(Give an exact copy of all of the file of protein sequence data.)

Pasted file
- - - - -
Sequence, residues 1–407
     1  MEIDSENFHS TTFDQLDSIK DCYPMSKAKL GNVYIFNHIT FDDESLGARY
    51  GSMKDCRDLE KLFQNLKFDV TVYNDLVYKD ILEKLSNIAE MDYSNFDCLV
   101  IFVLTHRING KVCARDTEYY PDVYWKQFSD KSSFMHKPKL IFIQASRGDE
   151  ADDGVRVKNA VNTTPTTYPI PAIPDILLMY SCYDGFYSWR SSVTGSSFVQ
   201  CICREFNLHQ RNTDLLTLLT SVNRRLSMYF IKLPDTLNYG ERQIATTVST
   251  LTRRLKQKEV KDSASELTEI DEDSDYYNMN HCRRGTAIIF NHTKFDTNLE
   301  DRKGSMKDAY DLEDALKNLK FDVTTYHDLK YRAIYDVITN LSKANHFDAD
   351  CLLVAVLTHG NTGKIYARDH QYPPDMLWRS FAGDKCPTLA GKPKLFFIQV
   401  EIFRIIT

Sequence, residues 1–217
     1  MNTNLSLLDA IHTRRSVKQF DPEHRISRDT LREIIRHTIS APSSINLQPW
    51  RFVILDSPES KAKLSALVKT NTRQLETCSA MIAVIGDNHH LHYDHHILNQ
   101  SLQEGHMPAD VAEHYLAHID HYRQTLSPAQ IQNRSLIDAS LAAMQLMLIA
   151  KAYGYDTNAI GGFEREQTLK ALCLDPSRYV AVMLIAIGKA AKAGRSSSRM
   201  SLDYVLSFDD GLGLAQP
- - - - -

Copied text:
Sequence, residues 1–407
     1  MEIDSENFHS TTFDQLDSIK DCYPMSKAKL GNVYIFNHIT FDDESLGARY
    51  GSMKDCRDLE KLFQNLKFDV TVYNDLVYKD ILEKLSNIAE MDYSNFDCLV
   101  IFVLTHRING KVCARDTEYY PDVYWKQFSD KSSFMHKPKL IFIQASRGDE
   151  ADDGVRVKNA VNTTPTTYPI PAIPDILLMY SCYDGFYSWR SSVTGSSFVQ
   201  CICREFNLHQ RNTDLLTLLT SVNRRLSMYF IKLPDTLNYG ERQIATTVST
   251  LTRRLKQKEV KDSASELTEI DEDSDYYNMN HCRRGTAIIF NHTKFDTNLE
   301  DRKGSMKDAY DLEDALKNLK FDVTTYHDLK YRAIYDVITN LSKANHFDAD
   351  CLLVAVLTHG NTGKIYARDH QYPPDMLWRS FAGDKCPTLA GKPKLFFIQV
   401  EIFRIIT

Sequence, residues 1–217
     1  MNTNLSLLDA IHTRRSVKQF DPEHRISRDT LREIIRHTIS APSSINLQPW
    51  RFVILDSPES KAKLSALVKT NTRQLETCSA MIAVIGDNHH LHYDHHILNQ
   101  SLQEGHMPAD VAEHYLAHID HYRQTLSPAQ IQNRSLIDAS LAAMQLMLIA
   151  KAYGYDTNAI GGFEREQTLK ALCLDPSRYV AVMLIAIGKA AKAGRSSSRM
   201  SLDYVLSFDD GLGLAQP